When you released your first single, you did a video with Sugar and Spice, who are also certified bimbos. What I really loved about the crossover was that on Drag Race, they were doubted for being TikTokers and bimbo-ish, but quickly became fan favorites and this collab was them once again owning it. Do you feel like when you're known for being a TikToker but then you have these other aspirations, whether music or drag, people doubt you?

It's very easy to giggle and make fun of TikTokers. I get it. Sometimes people look at other people on TikTok and they don't see any kind of talent or story, and it's just the videos they're putting up and that's it. So on Twitter, I saw people being so mad that Sugar and Spice were on the new season of RuPaul’s and it was like, “They’re drag queens! This is the show!” Just because they have done something great and found success online doesn't mean they're going to be bad. And you saw on the season, they were incredible and they're hilarious and they're made for TV. Even in my case, being a musician now and being an artist, I get a lot of comments that are like, “I thought this was just gonna be stupid new music, but I actually really like it.” And it's like, I know you're complimenting me, but that's also kind of rude. How dare someone who is brave enough to post on social media have dreams or feelings or other aspirations?

“I don't want to bullshit my audience, I want to be honest and real.”

It's so true. For you, what made now feel like the right time to release music?

Music has always been my end goal. Growing up, I was in every band and every choir and did musical theater up until I went to college. When I popped off on TikTok, I saw that as an opportunity to use my platform for music, but continue the things I say in my videos in my music and have them be very similar to each other. I really want to intertwine those two things. That's why “I'm so Hot” was my first-ever single because that's totally me online. Like, “I’m so hot, I’d f*ck myself.”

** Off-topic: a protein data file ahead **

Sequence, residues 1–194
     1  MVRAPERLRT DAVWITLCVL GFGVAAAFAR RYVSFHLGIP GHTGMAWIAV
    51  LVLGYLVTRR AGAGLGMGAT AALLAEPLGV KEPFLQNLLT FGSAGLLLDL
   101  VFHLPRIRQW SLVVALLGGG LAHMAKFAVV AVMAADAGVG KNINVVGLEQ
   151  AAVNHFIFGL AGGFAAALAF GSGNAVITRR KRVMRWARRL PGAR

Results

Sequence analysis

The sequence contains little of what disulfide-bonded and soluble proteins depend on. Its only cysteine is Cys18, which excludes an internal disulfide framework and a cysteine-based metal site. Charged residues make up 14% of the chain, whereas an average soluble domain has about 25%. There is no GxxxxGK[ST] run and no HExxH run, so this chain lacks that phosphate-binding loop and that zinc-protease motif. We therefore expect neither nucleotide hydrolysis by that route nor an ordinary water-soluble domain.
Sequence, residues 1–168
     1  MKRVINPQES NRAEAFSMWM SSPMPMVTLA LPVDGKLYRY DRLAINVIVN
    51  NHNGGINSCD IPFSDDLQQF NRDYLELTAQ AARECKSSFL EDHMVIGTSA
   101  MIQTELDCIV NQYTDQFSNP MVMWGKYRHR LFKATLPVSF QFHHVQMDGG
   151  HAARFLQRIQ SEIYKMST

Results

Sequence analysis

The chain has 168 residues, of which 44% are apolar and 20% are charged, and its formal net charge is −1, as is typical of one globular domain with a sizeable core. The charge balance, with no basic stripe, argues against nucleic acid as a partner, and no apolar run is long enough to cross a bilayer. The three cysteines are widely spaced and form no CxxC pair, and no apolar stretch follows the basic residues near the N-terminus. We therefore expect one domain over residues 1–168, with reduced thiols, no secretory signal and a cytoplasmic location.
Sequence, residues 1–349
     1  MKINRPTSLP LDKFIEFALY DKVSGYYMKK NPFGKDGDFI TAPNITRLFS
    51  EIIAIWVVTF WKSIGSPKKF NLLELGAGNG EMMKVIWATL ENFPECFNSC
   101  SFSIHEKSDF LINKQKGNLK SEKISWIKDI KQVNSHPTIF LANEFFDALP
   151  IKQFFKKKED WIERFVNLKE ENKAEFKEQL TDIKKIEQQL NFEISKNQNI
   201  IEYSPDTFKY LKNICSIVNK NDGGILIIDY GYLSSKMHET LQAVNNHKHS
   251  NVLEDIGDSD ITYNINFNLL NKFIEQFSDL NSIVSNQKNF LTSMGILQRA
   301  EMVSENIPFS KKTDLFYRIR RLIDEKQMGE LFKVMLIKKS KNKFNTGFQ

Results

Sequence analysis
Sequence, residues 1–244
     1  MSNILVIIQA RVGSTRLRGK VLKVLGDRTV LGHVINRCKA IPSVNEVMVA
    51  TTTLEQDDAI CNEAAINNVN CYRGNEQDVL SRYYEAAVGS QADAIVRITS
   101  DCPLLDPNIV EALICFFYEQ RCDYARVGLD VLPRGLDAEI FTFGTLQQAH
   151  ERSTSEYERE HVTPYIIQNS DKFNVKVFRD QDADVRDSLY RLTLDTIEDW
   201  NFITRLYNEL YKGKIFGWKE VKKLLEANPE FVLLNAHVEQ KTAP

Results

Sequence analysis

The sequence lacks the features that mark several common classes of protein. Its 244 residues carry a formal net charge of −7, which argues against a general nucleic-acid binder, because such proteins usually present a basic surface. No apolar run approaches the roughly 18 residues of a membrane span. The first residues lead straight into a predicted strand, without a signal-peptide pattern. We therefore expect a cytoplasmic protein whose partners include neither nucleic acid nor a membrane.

What inspired your latest song “Alpha”?

It's heavily inspired by my experience as a gal online. My biggest haters online have been men who probably call themselves an alpha male or a self-proclaimed incel, or, you know, both. So I really wanted to write about that experience and my thoughts on it, but also address the Andrew Tates of the world who are just spewing horrible, abusive behaviors online, hoping that people pick up on them. Even outside the internet, I am a gal with a lot of experience with shitty men who would also probably call themselves alpha males. I just think I had enough and I was like, “Let's put this into a song.” It’s about the irony of these guys online who go on every woman’s page and call them mid or are attacking them and their views and how they look and everything, and then you go to your DMs and there they are. And there’s that d*ck pic. Why not write a f*ck you to that?

It's interesting because it’s a little darker than “I'm So Hot” but still has such a similar vibe. Did it feel like the right follow-up song, or was it a lot to think about?

It felt like the right follow-up. I am trying to tell stories that are told on my TikTok and my Instagram of my life, not just because they're important, but also because I've most likely experienced these things. I don't want to bullshit my audience, I want to be honest and real and I want there to be a direct line between my content and the things I say to my music, and the things I care about. So “Alpha” is definitely darker, but it fits in the world that I'm creating and it has a fun little Y2K Twist. I really love both songs. I am definitely the girl who blasts her own music in the car.

I love that. You need to be your biggest fan.

Yes! I have to like the song enough to release it. I need to be able to loop it a million times in my car like I loop Lady Gaga or CharlieXCX or Slayyyter. It needs to be of that caliber in my mind. If I have a song in my hands that I can't do that with, I’m not going to release it. It’s not worth it.

Chrissy Chlapecka’s “Alpha” is out now.